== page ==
Ah, it’s a beautiful day for a hike in the woods. There’s nothing but the fresh air, trees and killer bears. Oh my. What would encountering a bear in the wild be like? In what ways would different kinds of bears attack? And what could you do to stay alive?

Close encounters with bears don’t always lead to them attacking you. There are only about 40 bear attacks around the world every year, give or take. But if you get attacked, you do get in big trouble. And each type of bear could have a different dinner plan for you. You could run into a 58 kg (128 lb) female black bear, or a 315 kg (700 lb) grizzly bear with her cubs.

Or, if you’re in the Arctic, you might face a vicious 590 kg (1,300 lb) polar bear. Staring up at the gaping jaws of any bear could be the last thing you see. Will your next move save your life? After a peaceful night of camping, you unzip your tent and find you’ve made a big mistake. You’ve left some food out, and now you’ve been graced with the presence of a dangerous visitor. It’s a black bear.

You gasp and freeze in place, but don’t worry yet. Black bears usually don’t attack in a sudden encounter. Mostly, they attack in self-defense. So don’t get too close. You slowly step out of the tent and scoot a few steps back to give the bear some space. But you’re not far enough away. Now, the bear is showing aggression with some grunts.

You could run. But then you’d have to leave all your stuff behind. Instead, you spot a nearby tree and think, “I could climb that and be safe.” As you dash toward the tree, the bear is right behind you. Luckily, you were closest to the tree. With running speeds up to 40 km/h (25 mph), black bears are fast. You scramble up a few branches and look down to see the bear climbing too.

Yep, black bears can climb. So now you’d be screwed. When it’s close enough to attack, the black bear swipes its massive claws at you. A black bear’s claws are good for climbing. But they aren’t that sharp, so it’s the bear’s strength you’d worry about. Black bears can move boulders weighing 140 kg (309 lb) with one paw. And one swipe from this bear knocks you down to the ground. Ouch.

Your surging adrenaline helps you spring up. While the bear is still in the tree, it’s time to make a run for it. You’d sprint down the trail until you couldn’t run anymore. You need to stop and catch your breath. But what’s that dreadful crunching sound? Turning around slowly, you freeze. Oh no. It’s a grizzly bear with two cubs.

The momma bear begins rubbing her body on a nearby tree. Is she just scratching an itch? Not quite. She lets out a loud growl. You realize that you’ve surprised her, and she’s being aggressive to protect her cubs. But you wouldn’t have much time to react. This opportunistic hunter charges toward you at a blazing 64 km/h ( 40 mph). You make a quick evasive move, but the bear swings one of its claws at you.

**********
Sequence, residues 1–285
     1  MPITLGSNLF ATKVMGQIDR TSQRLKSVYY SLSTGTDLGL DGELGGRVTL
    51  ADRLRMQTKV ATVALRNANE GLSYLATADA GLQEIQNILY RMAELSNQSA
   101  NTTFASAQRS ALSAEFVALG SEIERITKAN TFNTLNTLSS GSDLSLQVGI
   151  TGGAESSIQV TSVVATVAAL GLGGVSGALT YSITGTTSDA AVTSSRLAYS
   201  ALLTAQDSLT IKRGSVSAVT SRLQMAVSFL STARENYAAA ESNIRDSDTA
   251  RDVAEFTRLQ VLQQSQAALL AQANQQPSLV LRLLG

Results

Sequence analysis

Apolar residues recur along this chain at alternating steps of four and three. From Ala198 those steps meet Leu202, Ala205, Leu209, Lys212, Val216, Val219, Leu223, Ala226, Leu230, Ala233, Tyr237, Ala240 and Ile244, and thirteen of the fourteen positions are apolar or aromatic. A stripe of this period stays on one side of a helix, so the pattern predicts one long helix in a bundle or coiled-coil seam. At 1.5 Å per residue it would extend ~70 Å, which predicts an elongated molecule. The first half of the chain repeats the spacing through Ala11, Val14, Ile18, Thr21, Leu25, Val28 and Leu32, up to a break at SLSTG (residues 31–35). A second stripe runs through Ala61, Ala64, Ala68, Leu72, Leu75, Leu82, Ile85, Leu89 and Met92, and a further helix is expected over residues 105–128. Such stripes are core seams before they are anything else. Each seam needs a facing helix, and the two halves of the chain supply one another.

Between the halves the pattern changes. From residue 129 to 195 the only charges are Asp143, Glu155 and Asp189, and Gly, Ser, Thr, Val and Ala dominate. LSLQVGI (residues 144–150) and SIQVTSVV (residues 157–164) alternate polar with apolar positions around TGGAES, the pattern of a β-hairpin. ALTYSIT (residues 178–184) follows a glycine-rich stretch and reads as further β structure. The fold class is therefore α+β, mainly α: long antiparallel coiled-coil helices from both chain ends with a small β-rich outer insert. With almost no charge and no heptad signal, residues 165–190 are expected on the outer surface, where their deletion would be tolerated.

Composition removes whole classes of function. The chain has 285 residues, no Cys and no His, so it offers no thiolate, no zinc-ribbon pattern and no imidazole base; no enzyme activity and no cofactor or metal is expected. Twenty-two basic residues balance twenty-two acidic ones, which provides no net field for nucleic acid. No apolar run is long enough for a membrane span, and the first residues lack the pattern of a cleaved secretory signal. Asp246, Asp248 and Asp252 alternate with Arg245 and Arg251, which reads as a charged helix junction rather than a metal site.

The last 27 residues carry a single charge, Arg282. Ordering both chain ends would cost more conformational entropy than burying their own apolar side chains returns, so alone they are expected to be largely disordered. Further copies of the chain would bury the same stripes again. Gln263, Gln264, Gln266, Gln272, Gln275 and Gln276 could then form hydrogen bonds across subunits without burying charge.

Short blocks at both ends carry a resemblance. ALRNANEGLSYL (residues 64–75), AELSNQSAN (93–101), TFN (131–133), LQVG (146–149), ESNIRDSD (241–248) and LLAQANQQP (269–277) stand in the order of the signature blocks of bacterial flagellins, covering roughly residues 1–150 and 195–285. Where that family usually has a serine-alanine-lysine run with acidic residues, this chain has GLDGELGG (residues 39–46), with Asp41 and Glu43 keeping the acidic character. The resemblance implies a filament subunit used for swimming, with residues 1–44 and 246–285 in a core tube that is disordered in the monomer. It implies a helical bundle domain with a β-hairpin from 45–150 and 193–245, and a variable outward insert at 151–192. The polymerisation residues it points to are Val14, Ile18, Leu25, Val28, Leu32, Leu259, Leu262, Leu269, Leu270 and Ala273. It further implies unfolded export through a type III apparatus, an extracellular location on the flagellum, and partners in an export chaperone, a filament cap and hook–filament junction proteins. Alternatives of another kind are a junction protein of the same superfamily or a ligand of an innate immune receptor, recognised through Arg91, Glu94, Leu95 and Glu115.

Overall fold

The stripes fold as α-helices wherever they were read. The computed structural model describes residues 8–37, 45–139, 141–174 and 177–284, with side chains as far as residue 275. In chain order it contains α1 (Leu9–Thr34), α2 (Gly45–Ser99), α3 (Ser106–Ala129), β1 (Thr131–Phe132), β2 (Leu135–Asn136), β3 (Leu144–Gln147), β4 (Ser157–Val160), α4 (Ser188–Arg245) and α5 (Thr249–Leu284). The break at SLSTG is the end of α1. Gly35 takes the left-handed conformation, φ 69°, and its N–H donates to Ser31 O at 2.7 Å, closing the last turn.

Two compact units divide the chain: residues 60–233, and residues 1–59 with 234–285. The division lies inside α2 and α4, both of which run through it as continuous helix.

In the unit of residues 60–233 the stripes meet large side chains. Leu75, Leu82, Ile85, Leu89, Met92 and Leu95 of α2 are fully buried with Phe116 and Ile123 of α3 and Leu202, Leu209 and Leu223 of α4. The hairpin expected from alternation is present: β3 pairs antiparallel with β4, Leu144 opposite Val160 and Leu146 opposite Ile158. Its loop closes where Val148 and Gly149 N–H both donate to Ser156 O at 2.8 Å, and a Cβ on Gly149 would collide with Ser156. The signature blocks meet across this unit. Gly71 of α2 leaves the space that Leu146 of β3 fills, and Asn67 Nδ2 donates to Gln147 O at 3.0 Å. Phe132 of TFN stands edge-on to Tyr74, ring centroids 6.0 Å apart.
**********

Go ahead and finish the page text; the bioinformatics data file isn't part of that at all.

A grizzly’s claws aren’t razor-sharp since the bear uses them to dig. But they’re strong, and one hit knocks you down hard. The grizzly is on top of you, and its body weight keeps you pinned. Its massive jaws are about to clamp down on you with a force of 8,274 kPa (1,200 PSI). You think you’re done for, and you might be right. The best thing you could do now is to play dead.

It’s a terrifying gamble, but it would be your best shot at surviving. The bear would sniff and slobber all over you, each movement of its paws digging deeper into your body. But it works. Momma grizzly walks back over to her cubs. And you’re completely motionless until you hear the bears crawling off into the distance. Whew.

You scramble to your feet and run back to your car. Finally, you’re safe. You survived. Not so fast. There’s one more type of bear to worry about. And it has been stalking and hunting you for prey. It’s a male polar bear. Wait, what? Aaaaaahh. A polar bear follows its prey using its exceptional sense of smell. So now you won’t be able to hide. And you left your car key with the rest of your gear at the campsite.

After a day of bear attacks, this would be the end of the line. One swipe from the bear’s 9.5 cm (3.75 in) claws can snap your spine. Then, it would feast on you. As your life drains out of you, you’d suddenly realize something. Polar bears are supposed to roam the icy polar deserts in the Arctic Circle. That’s definitely not where you went camping.

As you snap out of this traumatic fantasy, you have to face reality as a pair of day hikers step out of their car and find you in your dirty pajamas. But at least you weren’t attacked by other creatures too. Like murder hornets.

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